At Native Forest Nursery we grow bare root seedlings and #3 container trees. Our container trees are grown in a #3 air pruned pot. This root making container eliminates nearly all potential for root wrapping. This allows for an excellent root structure and delivers an extremely healthy tree. The bare root seedlings at our nursery are grown in a sandy loam soil with high organic matter content, which provides an extremely healthy environment for our seedlings. Our bare root liners and seedlings are hand lifted, packaged, and kept in cold storage until you are ready to plant. Conservation uses for our products include reclamation, mitigation, reforestation, restoration, wildlife habitat improvement and wetland uses. Horticultural uses for our products include field liners, container liners, landscape plantings, budding stock, grafting stock and ornamental uses.

Family: Cannabaceae
Latin Name: Celtis occidentalis
Foliage: Medium green
Fall Foliage: Insignificant yellow
Bloom: Insignificant
Bloom Time: April to May
Shape: Rounded to spreading
Bark: Gray corky warts and ridges
Sun: Full sun to part shade
Zone: Zone 2 to Zone 9
Size: 40 to 60 feet
Spread: 40 to 60 feet
Care: Medium, well drained soil

Scientifically classified as Celtis Occidentalis, the Hackberry (or the Common Hackberry) belongs to the Cannabaeae family. This deciduous tree is normally classified as an extremely resilient hardwood, easily distinguished from other similar plants by the wart-like corky protuberances on its ridged brown bark. Most pronounced in younger trees, its remarkably patterned trunk is graced with a rounded and spreading canopy of spear-headed and coarse-textured green leaves that lighten to autumnal tones of subdued yellow and muted brown. In April and May, the Hackberry’s pale green flowers appear, polygamo-monoecious, later replaced by globular purple fruits.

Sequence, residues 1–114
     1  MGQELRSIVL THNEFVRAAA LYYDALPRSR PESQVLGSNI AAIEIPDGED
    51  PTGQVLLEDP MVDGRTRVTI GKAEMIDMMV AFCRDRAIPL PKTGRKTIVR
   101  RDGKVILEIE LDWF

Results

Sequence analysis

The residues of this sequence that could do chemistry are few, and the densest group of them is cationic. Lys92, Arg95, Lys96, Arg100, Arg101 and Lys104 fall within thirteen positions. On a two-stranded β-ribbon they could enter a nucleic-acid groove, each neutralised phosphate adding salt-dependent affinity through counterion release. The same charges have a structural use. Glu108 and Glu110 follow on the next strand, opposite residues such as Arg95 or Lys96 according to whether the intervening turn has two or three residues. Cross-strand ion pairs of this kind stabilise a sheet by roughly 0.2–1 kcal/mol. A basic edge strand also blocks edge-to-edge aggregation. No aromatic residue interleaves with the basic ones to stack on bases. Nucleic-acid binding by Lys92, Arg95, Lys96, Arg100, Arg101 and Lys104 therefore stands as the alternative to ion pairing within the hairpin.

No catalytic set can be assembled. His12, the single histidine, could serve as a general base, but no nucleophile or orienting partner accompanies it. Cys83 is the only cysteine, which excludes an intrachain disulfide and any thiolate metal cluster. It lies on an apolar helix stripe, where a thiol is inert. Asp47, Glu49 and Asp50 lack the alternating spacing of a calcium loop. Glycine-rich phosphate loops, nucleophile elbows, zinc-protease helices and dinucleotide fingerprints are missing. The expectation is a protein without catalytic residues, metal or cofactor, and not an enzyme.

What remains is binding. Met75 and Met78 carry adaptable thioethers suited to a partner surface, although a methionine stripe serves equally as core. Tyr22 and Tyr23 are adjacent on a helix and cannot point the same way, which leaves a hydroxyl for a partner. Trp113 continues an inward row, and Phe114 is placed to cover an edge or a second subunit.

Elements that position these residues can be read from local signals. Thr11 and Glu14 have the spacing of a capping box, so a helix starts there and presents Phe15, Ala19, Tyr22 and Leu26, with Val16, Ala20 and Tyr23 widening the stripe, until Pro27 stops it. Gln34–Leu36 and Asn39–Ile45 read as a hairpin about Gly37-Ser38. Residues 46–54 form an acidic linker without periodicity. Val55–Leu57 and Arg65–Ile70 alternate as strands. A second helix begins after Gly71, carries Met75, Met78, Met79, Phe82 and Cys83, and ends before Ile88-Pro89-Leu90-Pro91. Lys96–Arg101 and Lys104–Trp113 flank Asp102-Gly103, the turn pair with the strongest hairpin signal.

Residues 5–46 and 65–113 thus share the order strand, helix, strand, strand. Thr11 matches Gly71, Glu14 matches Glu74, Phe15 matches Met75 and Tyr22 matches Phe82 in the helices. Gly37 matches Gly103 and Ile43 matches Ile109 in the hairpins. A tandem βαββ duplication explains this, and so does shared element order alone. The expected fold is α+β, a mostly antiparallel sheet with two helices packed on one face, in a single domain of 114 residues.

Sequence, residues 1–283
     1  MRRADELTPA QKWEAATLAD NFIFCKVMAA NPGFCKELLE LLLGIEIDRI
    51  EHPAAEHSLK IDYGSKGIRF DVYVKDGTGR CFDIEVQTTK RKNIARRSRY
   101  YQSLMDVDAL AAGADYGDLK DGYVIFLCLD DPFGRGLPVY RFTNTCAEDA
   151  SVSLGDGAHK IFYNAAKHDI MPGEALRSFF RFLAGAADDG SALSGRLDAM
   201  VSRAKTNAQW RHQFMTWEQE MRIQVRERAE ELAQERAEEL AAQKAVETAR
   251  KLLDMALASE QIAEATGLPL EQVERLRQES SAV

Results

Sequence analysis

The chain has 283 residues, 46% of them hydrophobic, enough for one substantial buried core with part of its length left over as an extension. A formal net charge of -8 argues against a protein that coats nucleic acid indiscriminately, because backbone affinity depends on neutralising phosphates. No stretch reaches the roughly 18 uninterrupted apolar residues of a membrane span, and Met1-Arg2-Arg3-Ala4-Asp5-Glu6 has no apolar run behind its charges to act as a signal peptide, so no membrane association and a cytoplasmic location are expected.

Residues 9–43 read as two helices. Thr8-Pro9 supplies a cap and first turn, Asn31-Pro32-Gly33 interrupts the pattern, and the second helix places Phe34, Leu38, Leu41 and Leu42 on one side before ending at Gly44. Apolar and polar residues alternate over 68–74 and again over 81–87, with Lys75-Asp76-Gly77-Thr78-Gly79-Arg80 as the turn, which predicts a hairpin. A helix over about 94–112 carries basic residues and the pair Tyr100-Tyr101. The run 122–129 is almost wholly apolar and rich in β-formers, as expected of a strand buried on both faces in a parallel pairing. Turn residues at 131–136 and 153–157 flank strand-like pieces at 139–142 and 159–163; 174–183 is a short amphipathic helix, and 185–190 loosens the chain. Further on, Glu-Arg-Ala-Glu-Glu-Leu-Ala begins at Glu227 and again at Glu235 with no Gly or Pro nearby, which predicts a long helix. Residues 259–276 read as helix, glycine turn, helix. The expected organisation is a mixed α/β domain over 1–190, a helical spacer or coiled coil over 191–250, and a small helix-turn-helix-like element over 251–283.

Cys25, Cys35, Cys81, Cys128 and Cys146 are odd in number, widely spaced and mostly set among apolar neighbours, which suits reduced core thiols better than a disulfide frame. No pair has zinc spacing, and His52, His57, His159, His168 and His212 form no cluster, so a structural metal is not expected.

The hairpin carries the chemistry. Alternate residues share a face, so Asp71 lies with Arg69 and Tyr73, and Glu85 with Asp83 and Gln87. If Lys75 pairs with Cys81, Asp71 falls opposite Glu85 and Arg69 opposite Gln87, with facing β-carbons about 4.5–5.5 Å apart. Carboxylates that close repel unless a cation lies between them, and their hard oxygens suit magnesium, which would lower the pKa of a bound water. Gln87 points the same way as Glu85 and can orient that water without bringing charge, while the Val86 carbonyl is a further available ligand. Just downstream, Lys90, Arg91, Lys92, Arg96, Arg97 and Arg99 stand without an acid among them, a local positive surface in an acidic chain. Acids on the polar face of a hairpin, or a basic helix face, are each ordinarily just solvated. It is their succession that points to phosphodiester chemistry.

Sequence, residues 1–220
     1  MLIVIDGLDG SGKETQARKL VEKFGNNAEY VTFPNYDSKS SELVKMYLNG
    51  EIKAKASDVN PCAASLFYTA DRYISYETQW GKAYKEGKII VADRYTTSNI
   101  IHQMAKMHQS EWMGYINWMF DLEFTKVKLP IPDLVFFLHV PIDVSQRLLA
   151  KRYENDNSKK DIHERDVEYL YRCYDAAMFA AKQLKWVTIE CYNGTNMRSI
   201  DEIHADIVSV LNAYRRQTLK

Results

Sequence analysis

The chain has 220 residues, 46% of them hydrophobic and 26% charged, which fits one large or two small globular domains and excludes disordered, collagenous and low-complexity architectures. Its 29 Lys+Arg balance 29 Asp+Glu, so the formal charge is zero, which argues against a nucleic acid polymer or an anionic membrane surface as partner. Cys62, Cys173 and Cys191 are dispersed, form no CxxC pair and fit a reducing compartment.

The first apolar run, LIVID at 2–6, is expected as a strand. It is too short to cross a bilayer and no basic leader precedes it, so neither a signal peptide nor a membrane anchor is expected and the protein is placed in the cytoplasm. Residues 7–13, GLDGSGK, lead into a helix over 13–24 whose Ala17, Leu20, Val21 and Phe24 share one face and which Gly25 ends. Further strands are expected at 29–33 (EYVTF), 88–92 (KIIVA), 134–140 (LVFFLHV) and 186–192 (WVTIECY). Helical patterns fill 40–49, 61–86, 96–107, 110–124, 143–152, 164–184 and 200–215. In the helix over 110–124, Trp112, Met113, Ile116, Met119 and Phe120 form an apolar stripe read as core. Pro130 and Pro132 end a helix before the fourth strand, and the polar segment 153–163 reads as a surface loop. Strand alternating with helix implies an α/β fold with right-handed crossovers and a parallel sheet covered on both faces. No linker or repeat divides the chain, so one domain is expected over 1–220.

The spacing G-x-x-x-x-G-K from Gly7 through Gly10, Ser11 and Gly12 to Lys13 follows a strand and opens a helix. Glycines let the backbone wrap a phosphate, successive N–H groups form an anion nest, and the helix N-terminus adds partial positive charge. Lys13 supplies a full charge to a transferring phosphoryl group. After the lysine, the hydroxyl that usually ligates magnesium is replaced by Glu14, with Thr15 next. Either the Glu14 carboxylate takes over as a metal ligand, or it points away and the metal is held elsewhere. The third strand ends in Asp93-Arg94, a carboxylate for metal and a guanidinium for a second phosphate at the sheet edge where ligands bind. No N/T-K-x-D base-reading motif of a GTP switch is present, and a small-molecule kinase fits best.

The Hackberry’s native range spans the northeastern and north central portion of the United States, with some of the best environments cited in the Mississippi valley; there, such trees have been found to tower at heights of over 130 ft., though the Hackberry’s typical dimensions remain within a tallness and span of 40-60 ft. The Hackberry thrives in medium, well-drained soils with exposure to full sun to partial shade; it can survive approximately 150-200 years given ideal conditions. It has a hardiness zone rating of 2-9, proving its resilience in the face of a spectrum of temperatures and ecosystems. A hardy Hackberry can withstand strong winds, heavy rainfall, moderate drought, and air pollution, though it may drop a portion of its leaves if overstressed. It is not as tolerant of pests. This tree’s timber, prized for its toughness and durability, has graced the floors of many an old pioneer cabin.

Moderately tall and respectively hardy, the Hackberry is often chosen as a farmstead or field windbreak, for riparian planting, and to majestically flank roads and boulevards. It can also be found as an ornamental and shade tree in parks and landscapes, favored for its generous canopy and sturdiness. The Hackberry’s fruits feed a variety of winter birds; its flowers also attract a comprehensive assortment of butterfly species and other pollinators.

Mature Tree Photos: